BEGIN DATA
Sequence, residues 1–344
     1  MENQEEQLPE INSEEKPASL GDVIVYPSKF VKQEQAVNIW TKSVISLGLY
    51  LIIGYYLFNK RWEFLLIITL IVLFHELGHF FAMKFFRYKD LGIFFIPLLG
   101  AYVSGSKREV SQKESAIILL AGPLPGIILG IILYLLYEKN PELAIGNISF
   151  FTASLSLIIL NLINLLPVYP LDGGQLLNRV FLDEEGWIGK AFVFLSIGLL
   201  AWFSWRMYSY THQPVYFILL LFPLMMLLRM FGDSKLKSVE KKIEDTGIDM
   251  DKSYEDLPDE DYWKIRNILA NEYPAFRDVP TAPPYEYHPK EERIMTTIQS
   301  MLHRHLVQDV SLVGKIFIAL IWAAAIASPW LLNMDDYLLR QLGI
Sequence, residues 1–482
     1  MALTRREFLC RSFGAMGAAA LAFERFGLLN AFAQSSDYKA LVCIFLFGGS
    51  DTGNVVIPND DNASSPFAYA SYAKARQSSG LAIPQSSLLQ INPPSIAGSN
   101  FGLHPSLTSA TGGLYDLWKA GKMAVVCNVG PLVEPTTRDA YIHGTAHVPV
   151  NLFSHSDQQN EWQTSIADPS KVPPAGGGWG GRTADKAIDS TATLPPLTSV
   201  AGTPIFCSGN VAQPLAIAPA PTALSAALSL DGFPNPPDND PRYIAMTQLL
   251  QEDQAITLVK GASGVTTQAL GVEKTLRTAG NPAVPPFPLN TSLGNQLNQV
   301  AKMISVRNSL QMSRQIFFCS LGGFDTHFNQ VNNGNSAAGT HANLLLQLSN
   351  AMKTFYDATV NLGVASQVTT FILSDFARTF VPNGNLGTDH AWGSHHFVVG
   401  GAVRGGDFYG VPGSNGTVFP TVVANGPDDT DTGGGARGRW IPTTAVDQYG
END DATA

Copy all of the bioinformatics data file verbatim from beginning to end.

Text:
Sequence, residues 1–344
     1  MENQEEQLPE INSEEKPASL GDVIVYPSKF VKQEQAVNIW TKSVISLGLY
    51  LIIGYYLFNK RWEFLLIITL IVLFHELGHF FAMKFFRYKD LGIFFIPLLG
   101  AYVSGSKREV SQKESAIILL AGPLPGIILG IILYLLYEKN PELAIGNISF
   151  FTASLSLIIL NLINLLPVYP LDGGQLLNRV FLDEEGWIGK AFVFLSIGLL
   201  AWFSWRMYSY THQPVYFILL LFPLMMLLRM FGDSKLKSVE KKIEDTGIDM
   251  DKSYEDLPDE DYWKIRNILA NEYPAFRDVP TAPPYEYHPK EERIMTTIQS
   301  MLHRHLVQDV SLVGKIFIAL IWAAAIASPW LLNMDDYLLR QLGI
Sequence, residues 1–482
     1  MALTRREFLC RSFGAMGAAA LAFERFGLLN AFAQSSDYKA LVCIFLFGGS
    51  DTGNVVIPND DNASSPFAYA SYAKARQSSG LAIPQSSLLQ INPPSIAGSN
   101  FGLHPSLTSA TGGLYDLWKA GKMAVVCNVG PLVEPTTRDA YIHGTAHVPV
   151  NLFSHSDQQN EWQTSIADPS KVPPAGGGWG GRTADKAIDS TATLPPLTSV
   201  AGTPIFCSGN VAQPLAIAPA PTALSAALSL DGFPNPPDND PRYIAMTQLL
   251  QEDQAITLVK GASGVTTQAL GVEKTLRTAG NPAVPPFPLN TSLGNQLNQV
   301  AKMISVRNSL QMSRQIFFCS LGGFDTHFNQ VNNGNSAAGT HANLLLQLSN
   351  AMKTFYDATV NLGVASQVTT FILSDFARTF VPNGNLGTDH AWGSHHFVVG
   401  GAVRGGDFYG VPGSNGTVFP TVVANGPDDT DTGGGARGRW IPTTAVDQYG